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Hum Mutat. 2011 Jul;32(7):751-9. doi: 10.1002/humu.21494. Epub 2011 Jun 14.

A severe form of abetalipoproteinemia caused by new splicing mutations of microsomal triglyceride transfer protein (MTTP).

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  • 1INSERM/UMR 1048, Institut de Maladies Métaboliques et Cardiovasculaires, Université de Toulouse III, Toulouse, France.

Erratum in

  • Hum Mutat. 2011 Oct;32(10):1191-6.

Abstract

Abetalipoproteinemia is a rare autosomal recessive disease characterized by low lipid levels and by the absence of apoB-containing lipoproteins. It is the consequence of microsomal triglyceride transfer protein (MTTP) deficiency. We report two patients with new MTTP mutations. We studied their functional consequences on the triglyceride transfer function using duodenal biopsies. We transfected MTTP mutants in HepG2 and HeLa cells to investigate their association with protein disulfide isomerase (PDI) and their localization at the endoplasmic reticulum. These children have a severe abetalipoproteinemia. Both of them had also a mild hypogammaglobulinemia. They are compound heterozygotes with c.619G>T and c.1237-28A>G mutations within the MTTP gene. mRNA analysis revealed abnormal splicing with deletion of exon 6 and 10, respectively. Deletion of exon 6 (Δ6-MTTP) introduced a frame shift in the reading frame and a premature stop codon at position 234. Despite the fact that Δ6-MTTP and Δ10-MTTP mutants were not capable of binding PDI, both MTTP mutant proteins normally localize at the endoplasmic reticulum. However, these two mutations induce a loss of MTTP triglyceride transfer activity. These two mutations lead to abnormal truncated MTTP proteins, incapable of binding PDI and responsible for the loss of function of MTTP, thereby explaining the severe abetalipoproteinemia phenotype of these children.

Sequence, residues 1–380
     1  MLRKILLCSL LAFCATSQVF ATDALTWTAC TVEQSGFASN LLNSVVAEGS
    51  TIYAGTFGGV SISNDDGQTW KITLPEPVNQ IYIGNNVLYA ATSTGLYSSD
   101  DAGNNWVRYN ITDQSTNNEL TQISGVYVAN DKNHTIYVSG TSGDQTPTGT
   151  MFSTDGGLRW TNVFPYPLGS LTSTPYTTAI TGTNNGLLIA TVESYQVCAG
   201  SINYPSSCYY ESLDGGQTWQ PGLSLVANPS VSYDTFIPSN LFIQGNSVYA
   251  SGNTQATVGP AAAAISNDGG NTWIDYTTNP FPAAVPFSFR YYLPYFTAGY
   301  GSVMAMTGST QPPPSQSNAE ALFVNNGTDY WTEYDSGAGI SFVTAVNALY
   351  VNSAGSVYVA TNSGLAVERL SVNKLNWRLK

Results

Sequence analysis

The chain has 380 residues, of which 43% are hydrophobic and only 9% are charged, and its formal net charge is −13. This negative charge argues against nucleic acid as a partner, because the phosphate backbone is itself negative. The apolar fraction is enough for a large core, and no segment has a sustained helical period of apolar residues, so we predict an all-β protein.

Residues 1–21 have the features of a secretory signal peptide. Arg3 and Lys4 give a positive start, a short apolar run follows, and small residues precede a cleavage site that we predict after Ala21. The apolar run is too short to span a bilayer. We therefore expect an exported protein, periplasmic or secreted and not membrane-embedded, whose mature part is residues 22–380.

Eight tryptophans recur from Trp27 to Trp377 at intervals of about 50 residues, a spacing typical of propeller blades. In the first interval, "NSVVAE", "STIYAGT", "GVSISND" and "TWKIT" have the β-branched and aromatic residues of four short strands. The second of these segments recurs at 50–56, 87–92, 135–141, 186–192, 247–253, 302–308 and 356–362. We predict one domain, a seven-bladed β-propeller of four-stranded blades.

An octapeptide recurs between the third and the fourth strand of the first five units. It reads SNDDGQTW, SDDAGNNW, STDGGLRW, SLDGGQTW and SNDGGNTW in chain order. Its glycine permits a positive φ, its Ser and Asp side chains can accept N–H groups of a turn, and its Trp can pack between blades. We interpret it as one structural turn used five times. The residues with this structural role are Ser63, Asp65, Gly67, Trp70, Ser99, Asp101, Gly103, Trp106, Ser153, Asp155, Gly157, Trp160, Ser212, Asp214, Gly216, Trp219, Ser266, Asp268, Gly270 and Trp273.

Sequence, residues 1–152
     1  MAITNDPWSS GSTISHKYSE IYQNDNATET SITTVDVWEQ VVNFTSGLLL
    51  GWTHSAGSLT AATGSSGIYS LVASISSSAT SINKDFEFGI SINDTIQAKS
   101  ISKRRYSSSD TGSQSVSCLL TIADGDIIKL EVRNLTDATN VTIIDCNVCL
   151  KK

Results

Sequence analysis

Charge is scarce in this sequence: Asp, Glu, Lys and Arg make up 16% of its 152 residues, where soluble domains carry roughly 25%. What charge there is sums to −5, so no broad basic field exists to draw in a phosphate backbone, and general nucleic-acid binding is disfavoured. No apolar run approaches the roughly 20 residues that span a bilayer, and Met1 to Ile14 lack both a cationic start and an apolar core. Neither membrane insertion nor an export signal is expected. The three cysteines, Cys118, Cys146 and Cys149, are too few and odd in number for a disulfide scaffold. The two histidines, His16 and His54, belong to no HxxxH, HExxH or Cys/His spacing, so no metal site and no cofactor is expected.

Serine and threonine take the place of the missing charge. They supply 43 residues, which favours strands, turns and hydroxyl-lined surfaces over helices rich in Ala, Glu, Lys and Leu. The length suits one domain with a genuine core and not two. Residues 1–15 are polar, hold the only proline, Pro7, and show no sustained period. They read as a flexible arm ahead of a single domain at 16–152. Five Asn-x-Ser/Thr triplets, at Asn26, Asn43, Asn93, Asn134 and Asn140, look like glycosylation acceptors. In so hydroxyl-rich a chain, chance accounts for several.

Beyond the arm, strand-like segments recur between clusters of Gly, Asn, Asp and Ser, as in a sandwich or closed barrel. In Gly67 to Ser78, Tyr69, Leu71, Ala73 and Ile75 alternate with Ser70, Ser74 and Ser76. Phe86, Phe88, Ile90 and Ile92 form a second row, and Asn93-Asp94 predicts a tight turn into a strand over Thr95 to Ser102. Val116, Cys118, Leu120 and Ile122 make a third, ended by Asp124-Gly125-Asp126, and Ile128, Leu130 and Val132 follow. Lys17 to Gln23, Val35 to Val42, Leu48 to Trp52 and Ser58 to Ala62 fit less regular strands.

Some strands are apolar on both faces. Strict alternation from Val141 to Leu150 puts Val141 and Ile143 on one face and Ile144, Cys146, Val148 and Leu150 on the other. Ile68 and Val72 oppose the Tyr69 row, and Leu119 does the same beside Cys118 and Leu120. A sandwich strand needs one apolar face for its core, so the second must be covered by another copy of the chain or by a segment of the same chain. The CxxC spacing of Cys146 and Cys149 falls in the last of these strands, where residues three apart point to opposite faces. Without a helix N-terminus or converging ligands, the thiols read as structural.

© 2011 Wiley-Liss, Inc.

PMID:
21394827
[PubMed - indexed for MEDLINE]
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